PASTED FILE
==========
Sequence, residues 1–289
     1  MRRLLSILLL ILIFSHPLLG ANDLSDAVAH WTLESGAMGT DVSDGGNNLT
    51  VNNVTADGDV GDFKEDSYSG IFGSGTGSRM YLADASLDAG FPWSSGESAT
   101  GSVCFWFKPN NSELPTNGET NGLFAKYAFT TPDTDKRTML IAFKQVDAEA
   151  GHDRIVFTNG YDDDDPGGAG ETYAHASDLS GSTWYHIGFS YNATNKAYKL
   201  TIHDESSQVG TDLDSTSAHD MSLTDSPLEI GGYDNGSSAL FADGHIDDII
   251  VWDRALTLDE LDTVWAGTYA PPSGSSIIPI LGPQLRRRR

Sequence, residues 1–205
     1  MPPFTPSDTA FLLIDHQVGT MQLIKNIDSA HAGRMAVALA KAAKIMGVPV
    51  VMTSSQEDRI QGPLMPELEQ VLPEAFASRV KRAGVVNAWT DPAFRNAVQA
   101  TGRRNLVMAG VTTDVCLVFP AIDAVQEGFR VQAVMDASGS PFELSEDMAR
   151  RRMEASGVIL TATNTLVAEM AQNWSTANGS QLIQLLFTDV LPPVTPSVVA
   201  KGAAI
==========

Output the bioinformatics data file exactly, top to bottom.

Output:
Sequence, residues 1–289
     1  MRRLLSILLL ILIFSHPLLG ANDLSDAVAH WTLESGAMGT DVSDGGNNLT
    51  VNNVTADGDV GDFKEDSYSG IFGSGTGSRM YLADASLDAG FPWSSGESAT
   101  GSVCFWFKPN NSELPTNGET NGLFAKYAFT TPDTDKRTML IAFKQVDAEA
   151  GHDRIVFTNG YDDDDPGGAG ETYAHASDLS GSTWYHIGFS YNATNKAYKL
   201  TIHDESSQVG TDLDSTSAHD MSLTDSPLEI GGYDNGSSAL FADGHIDDII
   251  VWDRALTLDE LDTVWAGTYA PPSGSSIIPI LGPQLRRRR

Sequence, residues 1–205
     1  MPPFTPSDTA FLLIDHQVGT MQLIKNIDSA HAGRMAVALA KAAKIMGVPV
    51  VMTSSQEDRI QGPLMPELEQ VLPEAFASRV KRAGVVNAWT DPAFRNAVQA
   101  TGRRNLVMAG VTTDVCLVFP AIDAVQEGFR VQAVMDASGS PFELSEDMAR
   151  RRMEASGVIL TATNTLVAEM AQNWSTANGS QLIQLLFTDV LPPVTPSVVA
   201  KGAAI